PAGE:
I don’t honestly care about hosts because the hosts are not the point of the competition. I happen to like Dara O’Briain as a comedian, but I really couldn’t care less if he appears on Robot Wars or not. The same goes for Battlebots. Couldn’t care less.

      But in the end, it all comes right back to the purpose of the shows, a head-to-head competition between robots. I don’t care about the flash and the effects, I care about who built the best bot. Clearly, American builders build the best bots, and that’s nothing against the UK, it’s just the factual truth. The majority of Robot Wars bots wouldn’t last 30 seconds in the battlebox. They just wouldn’t. The reason there is a battlebox in the first place is because these robots are dangerous and intended to be. There have even been bots in the past that were too dangerous to be allowed to compete, specifically a bot built by Mythbusters’ Adam and Jamie. I can’t imagine most of the major American bots ever being allowed to compete on Robot Wars, can you?

      • JB says on: May 6, 2017 at 9:58 am

         

        I have not argued against the American robots themselves being better than the British ones, they are, so I’m not arguing for RW robots being able to defeat the likes of Tombstone, but this separate to enjoyability and the reasons for their inferiority, and money is one big factor. However, I think that’s different to them caring about their work more; the British participants do care and some may be of a more amateur robot combat background. Saying that they have not tested their robots, therefore they do not care is unfair given the unfair time constraints the show has put on them, the lack of eligibility for spinners anywhere outside of RW in the UK, the lack of desire fore testing them in an unsafe environment (e.g. a garage) and so on.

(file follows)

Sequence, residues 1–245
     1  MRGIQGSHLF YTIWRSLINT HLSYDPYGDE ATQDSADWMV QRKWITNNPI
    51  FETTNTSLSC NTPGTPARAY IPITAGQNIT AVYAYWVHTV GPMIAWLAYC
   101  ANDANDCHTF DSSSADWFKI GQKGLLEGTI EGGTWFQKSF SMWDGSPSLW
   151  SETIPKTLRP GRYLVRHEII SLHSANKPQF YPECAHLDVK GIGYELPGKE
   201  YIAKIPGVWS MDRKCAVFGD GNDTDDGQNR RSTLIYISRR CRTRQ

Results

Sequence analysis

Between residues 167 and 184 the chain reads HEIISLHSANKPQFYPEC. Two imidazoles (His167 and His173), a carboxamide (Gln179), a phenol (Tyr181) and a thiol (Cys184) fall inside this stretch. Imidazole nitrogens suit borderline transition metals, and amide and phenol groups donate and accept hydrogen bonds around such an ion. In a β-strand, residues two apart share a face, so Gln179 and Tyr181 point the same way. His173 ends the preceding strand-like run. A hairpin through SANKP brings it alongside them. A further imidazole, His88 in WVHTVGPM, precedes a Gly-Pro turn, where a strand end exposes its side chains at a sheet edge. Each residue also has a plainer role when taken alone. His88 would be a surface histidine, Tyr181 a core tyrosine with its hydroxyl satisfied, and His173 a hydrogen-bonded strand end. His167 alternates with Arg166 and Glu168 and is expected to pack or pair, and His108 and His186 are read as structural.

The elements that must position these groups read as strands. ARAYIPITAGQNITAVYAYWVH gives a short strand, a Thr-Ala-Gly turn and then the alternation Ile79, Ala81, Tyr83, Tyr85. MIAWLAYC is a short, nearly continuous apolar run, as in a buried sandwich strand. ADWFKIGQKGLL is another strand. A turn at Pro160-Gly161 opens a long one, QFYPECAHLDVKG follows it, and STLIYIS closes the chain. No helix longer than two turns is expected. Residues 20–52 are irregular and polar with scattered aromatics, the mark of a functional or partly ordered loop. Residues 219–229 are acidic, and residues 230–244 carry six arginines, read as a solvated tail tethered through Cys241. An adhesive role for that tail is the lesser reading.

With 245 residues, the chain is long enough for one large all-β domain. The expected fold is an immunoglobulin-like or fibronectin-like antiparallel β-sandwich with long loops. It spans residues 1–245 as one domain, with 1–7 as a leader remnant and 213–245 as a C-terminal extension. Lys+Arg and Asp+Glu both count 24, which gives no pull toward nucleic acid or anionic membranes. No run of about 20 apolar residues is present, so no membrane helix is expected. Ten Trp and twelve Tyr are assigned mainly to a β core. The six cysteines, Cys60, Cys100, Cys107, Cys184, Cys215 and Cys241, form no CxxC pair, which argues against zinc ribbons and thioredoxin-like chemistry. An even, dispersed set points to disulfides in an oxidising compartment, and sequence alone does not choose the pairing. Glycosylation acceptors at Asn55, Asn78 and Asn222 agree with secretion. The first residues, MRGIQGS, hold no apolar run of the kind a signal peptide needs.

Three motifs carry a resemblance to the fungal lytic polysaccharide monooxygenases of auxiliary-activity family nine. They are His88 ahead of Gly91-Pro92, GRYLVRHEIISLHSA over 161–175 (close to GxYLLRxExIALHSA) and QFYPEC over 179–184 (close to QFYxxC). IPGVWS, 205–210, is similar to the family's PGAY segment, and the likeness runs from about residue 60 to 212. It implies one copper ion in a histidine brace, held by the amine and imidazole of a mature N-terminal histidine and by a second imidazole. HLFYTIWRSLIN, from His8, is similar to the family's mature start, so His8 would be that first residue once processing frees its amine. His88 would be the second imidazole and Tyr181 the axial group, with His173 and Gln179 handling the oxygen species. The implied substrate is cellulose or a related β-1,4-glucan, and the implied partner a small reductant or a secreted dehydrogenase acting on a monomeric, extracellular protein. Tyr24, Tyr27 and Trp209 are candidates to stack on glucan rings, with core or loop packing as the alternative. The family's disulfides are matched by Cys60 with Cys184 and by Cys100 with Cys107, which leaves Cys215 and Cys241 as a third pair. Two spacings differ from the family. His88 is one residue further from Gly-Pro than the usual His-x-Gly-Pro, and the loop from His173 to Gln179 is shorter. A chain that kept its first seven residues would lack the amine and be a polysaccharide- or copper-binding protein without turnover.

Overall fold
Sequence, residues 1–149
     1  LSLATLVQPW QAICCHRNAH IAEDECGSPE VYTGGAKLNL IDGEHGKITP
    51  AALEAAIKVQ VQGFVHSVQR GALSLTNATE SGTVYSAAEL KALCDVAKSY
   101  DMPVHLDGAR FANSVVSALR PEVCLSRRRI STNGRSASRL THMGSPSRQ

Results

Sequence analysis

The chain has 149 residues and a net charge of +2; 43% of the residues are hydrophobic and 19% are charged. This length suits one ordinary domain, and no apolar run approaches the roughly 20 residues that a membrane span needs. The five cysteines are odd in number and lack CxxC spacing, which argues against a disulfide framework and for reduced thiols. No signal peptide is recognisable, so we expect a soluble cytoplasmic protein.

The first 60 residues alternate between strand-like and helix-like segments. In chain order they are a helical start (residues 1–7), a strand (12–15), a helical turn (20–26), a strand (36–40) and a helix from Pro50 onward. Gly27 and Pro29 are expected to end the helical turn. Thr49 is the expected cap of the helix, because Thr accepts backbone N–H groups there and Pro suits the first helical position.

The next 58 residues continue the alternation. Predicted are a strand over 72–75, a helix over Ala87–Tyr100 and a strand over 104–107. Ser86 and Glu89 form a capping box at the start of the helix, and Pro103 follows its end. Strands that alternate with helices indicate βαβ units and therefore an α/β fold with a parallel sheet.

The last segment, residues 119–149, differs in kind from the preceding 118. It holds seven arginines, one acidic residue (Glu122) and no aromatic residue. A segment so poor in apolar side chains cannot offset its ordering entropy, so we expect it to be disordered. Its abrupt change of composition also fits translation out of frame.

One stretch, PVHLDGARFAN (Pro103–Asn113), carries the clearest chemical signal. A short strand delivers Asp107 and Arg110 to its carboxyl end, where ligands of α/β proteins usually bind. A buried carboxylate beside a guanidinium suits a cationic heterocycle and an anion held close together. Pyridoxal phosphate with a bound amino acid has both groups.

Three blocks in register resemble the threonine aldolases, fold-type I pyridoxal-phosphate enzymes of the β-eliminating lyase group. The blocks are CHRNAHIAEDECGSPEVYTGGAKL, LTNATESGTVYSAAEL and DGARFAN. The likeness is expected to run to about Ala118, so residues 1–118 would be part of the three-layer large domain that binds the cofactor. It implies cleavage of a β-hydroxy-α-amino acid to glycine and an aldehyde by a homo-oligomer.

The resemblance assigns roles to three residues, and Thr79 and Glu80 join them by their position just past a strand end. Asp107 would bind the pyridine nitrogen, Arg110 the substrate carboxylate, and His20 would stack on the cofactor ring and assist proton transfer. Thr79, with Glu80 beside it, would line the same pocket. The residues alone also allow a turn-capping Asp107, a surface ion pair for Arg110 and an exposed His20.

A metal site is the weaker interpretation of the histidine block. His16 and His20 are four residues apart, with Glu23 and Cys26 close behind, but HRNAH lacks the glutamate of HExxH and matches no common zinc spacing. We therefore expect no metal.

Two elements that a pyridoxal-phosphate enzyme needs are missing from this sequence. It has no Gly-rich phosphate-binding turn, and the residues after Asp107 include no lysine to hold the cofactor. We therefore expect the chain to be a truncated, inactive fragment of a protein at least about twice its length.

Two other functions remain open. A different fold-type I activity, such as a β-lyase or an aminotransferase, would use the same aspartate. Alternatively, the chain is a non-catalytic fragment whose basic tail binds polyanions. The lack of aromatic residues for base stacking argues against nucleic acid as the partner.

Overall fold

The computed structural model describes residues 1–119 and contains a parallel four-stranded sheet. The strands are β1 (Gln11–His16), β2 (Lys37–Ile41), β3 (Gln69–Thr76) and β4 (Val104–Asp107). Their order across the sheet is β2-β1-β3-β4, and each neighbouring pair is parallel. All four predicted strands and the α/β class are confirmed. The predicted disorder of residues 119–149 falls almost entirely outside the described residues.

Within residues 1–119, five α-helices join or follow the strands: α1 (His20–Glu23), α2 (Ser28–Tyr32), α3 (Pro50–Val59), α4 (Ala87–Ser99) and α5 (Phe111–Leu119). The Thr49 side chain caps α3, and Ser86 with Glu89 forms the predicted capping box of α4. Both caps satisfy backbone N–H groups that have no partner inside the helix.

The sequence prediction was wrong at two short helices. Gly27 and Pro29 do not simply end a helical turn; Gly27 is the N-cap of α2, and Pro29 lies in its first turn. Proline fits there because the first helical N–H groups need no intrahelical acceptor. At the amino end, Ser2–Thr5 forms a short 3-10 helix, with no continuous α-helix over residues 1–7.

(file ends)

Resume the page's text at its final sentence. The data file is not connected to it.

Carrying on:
The point is that despite its apparent imperfections there are solid reasons as to why some people may prefer RW to Battlebots that go beyond robot quality and that there are reasons for the differences in quality.

        I found your review harsh, because I disagreed with your assessment because of this and over subjective opinions on the quality of production, hosting etc, not because of your assessment of the quality of British robots in comparison to American ones, I’m not disputing that. Sure, it’s your right to have this opinion, but to portray subjective opinions as reality is ridiculous, and if you think otherwise then I think you’re a pompous tosser, sorry.